The Bowery has been included in the State Register of Historic Places,
DNAinfo reported, giving support to neighborhood groups who seek the
street’s inclusion in the National Register of Historic Places.
But unlike historic districts in the city, the designation carries no
weight in protecting buildings from alteration.
“The Bowery nomination is unique — it not only recognizes the
architecture and cultural history of the street, but it acknowledges
the earliest planning history of New York,” historian Kerri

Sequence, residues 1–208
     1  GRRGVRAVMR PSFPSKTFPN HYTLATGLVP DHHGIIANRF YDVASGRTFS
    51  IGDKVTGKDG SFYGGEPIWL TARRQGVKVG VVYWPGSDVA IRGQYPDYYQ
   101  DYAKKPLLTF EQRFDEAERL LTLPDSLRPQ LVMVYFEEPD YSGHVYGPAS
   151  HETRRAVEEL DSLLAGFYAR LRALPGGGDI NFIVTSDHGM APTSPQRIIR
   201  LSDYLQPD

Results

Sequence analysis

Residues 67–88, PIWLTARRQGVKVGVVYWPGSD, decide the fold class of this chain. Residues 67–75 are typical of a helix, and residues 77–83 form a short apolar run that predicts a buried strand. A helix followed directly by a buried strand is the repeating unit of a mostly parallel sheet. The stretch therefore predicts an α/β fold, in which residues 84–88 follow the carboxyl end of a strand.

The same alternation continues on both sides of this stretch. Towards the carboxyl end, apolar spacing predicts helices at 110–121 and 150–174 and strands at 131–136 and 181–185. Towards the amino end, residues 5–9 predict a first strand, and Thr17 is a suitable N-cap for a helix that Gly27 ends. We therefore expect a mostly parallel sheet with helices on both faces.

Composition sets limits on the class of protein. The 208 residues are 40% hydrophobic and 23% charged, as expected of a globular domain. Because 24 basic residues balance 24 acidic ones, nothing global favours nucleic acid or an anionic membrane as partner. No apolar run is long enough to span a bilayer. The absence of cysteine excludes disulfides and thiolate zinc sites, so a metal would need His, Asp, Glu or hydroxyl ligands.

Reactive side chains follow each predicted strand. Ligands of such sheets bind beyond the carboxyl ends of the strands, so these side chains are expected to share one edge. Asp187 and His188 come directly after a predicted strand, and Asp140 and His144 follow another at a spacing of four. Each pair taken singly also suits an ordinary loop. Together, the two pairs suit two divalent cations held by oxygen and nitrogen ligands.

Culhane, who wrote the Bowery’s 171-page nomination, said in a statement.
“By extension, the Bowery nomination should be used as a planning tool
to help guide better planning, zoning… on this
vibrant and dynamic thoroughfare, which continues to make history
Most recently, efforts to landmark buildings such as 135 Bowery have
run into obstacles.
The Two Bridges Neighborhood Council and Bowery Alliance of Neighbors,
which sponsored the designation and have been advocating for more
preservation efforts in the historic entertainment district, stated
that more than 10 percent of the street’s current buildings, which are
“out of scale and character with the historically low-rise Bowery,”
were constructed in the last decade. [DNAinfo]